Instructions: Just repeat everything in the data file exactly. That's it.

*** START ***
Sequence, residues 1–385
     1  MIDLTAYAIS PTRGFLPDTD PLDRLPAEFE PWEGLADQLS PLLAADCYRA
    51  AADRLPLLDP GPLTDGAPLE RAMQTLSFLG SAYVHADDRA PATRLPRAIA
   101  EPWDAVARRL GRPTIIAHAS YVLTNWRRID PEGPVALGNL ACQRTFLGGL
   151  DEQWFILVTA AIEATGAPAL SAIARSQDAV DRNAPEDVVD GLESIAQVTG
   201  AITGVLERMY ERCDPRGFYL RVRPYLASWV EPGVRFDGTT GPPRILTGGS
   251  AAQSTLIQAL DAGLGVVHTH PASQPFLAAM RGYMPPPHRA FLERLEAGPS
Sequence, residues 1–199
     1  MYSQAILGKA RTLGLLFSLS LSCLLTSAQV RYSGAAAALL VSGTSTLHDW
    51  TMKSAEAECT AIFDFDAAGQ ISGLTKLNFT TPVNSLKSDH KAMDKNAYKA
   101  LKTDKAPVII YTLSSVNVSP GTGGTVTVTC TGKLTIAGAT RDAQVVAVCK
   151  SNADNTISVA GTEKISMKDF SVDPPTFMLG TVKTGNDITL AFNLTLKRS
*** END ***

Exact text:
Sequence, residues 1–385
     1  MIDLTAYAIS PTRGFLPDTD PLDRLPAEFE PWEGLADQLS PLLAADCYRA
    51  AADRLPLLDP GPLTDGAPLE RAMQTLSFLG SAYVHADDRA PATRLPRAIA
   101  EPWDAVARRL GRPTIIAHAS YVLTNWRRID PEGPVALGNL ACQRTFLGGL
   151  DEQWFILVTA AIEATGAPAL SAIARSQDAV DRNAPEDVVD GLESIAQVTG
   201  AITGVLERMY ERCDPRGFYL RVRPYLASWV EPGVRFDGTT GPPRILTGGS
   251  AAQSTLIQAL DAGLGVVHTH PASQPFLAAM RGYMPPPHRA FLERLEAGPS
Sequence, residues 1–199
     1  MYSQAILGKA RTLGLLFSLS LSCLLTSAQV RYSGAAAALL VSGTSTLHDW
    51  TMKSAEAECT AIFDFDAAGQ ISGLTKLNFT TPVNSLKSDH KAMDKNAYKA
   101  LKTDKAPVII YTLSSVNVSP GTGGTVTVTC TGKLTIAGAT RDAQVVAVCK
   151  SNADNTISVA GTEKISMKDF SVDPPTFMLG TVKTGNDITL AFNLTLKRS